gen_pawn<S, mvNE>(pos, src, epb, move, mtCapture | mtEnpcapt | mtPawn);
			}
		}

		gen_piece<S, Knight>(pos, tgt, move, mtCapture);
		gen_piece<S, Bishop>(pos, tgt, move, mtCapture);
		gen_piece<S, Rook>(pos, tgt, move, mtCapture);
	}

	template <int S>
	void gen_interpositions(position_t* pos, bb_t tgt, move_t*& move)
	{
		gen_promotion<S, mvFW>(pos, bbRank<S, 6> & pos->pawns(S), tgt, move, mtPromote | mtPawn);
		bb_t src = ~bbRank<S, 6> & pos->pawns(S);
		gen_pawn<S, mvFW>(pos, src, tgt, move, mtQuiet | mtPawn);
		gen_pawn<S, mvF2>(pos, src, tgt, move, mtQuiet | mtPawn | mtPawn2);
		gen_piece<S, Knight>(pos, tgt, move, mtQuiet);
		gen_piece<S, Bishop>(pos, tgt, move, mtQuiet);
		gen_piece<S, Rook>(pos, tgt, move, mtQuiet);
	}

	template <int S>
	void gen_evasion_captures(position_t* pos, move_t*& move)
	{
		gen_piece<S, King>(pos, pos->occupied(Opp(S)) & ~pos->attacked(), move, mtCapture | mtKing);

		if (POPCNT(pos->checkers()) == 1)
			gen_captures_to_target<S>(pos, pos->checkers(), move);
	}

	template <int S>
	void gen_evasion_moves(position_t* pos, move_t*& move)
	{
		gen_piece<S, King>(pos, pos->empty() & ~pos->attacked(), move, mtQuiet | mtKing);

		if (POPCNT(pos->checkers()) == 1 && (pos->checkers() & (pos->pawns(Opp(S)) | pos->knights(Opp(S)))) == 0)
			gen_interpositions<S>(pos, masks::between[pos->king_square(S)][LSB(pos->checkers())], move);
	}

	move_t* gen_captures(position_t* pos, move_t* moves)
	{
		pos->own() == White ? gen_captures<White>(pos, moves) : gen_captures<Black>(pos, moves);  
		return moves;
	}

	move_t* gen_quiet_moves(position_t* pos, move_t* moves)
	{
		pos->own() == White ? gen_quiet_moves<White>(pos, moves) : gen_quiet_moves<Black>(pos, moves);
		return moves;
	}

	move_t* gen_evasion_captures(position_t* pos, move_t* moves)
	{
		pos->own() == White ? gen_evasion_captures<White>(pos, moves) : gen_evasion_captures<Black>(pos, moves);  
		return moves;
	}

	move_t* gen_evasion_moves(position_t* pos, move_t* moves)
	{
		pos->own() == White ? gen_evasion_moves<White>(pos, moves) : gen_evasion_moves<Black>(pos, moves);
		return moves;
	}

	move_t* gen_all_moves(position_t* pos, move_t* moves)
	{
		if (pos->own() == White)
		{
			gen_captures<White>(pos, moves);
			gen_quiet_moves<White>(pos, moves);
		}
		else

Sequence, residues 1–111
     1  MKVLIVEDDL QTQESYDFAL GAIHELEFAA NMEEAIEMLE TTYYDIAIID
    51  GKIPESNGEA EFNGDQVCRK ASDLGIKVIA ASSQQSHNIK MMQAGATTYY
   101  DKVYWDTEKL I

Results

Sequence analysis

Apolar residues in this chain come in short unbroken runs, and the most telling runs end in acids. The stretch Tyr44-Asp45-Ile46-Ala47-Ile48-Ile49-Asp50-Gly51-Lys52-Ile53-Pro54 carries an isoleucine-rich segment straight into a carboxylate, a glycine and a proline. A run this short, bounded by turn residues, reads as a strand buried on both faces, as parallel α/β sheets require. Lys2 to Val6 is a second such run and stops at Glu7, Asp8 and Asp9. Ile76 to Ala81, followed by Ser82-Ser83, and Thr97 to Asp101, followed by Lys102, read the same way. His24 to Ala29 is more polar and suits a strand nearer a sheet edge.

{
			gen_captures<Black>(pos, moves);
			gen_quiet_moves<Black>(pos, moves);
		}
		return moves;
	}

	move_t* gen_all_evasions(position_t* pos, move_t* moves)
	{
		if (pos->own() == White)
		{
			gen_evasion_captures<White>(pos, moves);
			gen_evasion_moves<White>(pos, moves);
		}
		else
		{
			gen_evasion_captures<Black>(pos, moves);
			gen_evasion_moves<Black>(pos, moves);
		}
		return moves;
	}
}

fabianVDW
Posts: 75
Joined: Fri Mar 15, 2019 7:46 pm
Location: Germany
Full name: Fabian von der Warth

Re: Back To The Beginning

Post by fabianVDW » Sun Sep 08, 2019 6:10 pm

fabianVDW wrote:
Sat Sep 07, 2019 4:55 pm
Joost Buijs wrote:
Sat Sep 07, 2019 10:57 am
fabianVDW wrote:
Sat Sep 07, 2019 10:21 am
AFAIK, movegeneration speed is a good chunk of the runtime in modern engines. Atleast in FabChess, it is about 25-30% of the time used, being on par with the evaluation function (IIRC).
25% to 30% of the time used by the move generation is quite a lot. Maybe it depends upon staged move generation or not and whether you execute the hash move with or without move generation, when I profile my engine move generation takes considerably less than 10% of the total time used.
I also do staged movegen in FabChess. Maybe I remembered the numbers wrong... I will do another profiling session tomorrow.
Okay, I did some profiling. First of all, Fab runs perft 6 on startpos with about 80MNPS (with bulk counting) on my I5-6400. During search, movegen takes up about 5.5% of the time, but it uses a struct which contains all the pseudo legal moves for every piece. This struct is later reused in eval for mobility etc. Calculation of that struct is about 15% of the time.

I am sure my engine is badly tuned in that regard aswell, as I seem not to be able to recognize bottlenecks well
Author of FabChess: https://github.com/fabianvdW/FabChess
A UCI compliant chess engine written in Rust.
FabChessWiki: https://github.com/fabianvdW/FabChess/wiki
fabianvonderwarth@gmail.com